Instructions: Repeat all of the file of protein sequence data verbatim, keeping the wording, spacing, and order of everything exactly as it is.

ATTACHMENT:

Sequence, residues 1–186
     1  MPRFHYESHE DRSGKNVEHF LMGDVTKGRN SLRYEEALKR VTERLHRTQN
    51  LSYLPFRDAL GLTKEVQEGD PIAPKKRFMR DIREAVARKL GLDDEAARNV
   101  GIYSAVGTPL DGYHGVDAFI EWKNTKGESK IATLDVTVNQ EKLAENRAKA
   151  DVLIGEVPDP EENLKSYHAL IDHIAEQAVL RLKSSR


Sequence, residues 1–186
     1  MPRFHYESHE DRSGKNVEHF LMGDVTKGRN SLRYEEALKR VTERLHRTQN
    51  LSYLPFRDAL GLTKEVQEGD PIAPKKRFMR DIREAVARKL GLDDEAARNV
   101  GIYSAVGTPL DGYHGVDAFI EWKNTKGESK IATLDVTVNQ EKLAENRAKA
   151  DVLIGEVPDP EENLKSYHAL IDHIAEQAVL RLKSSR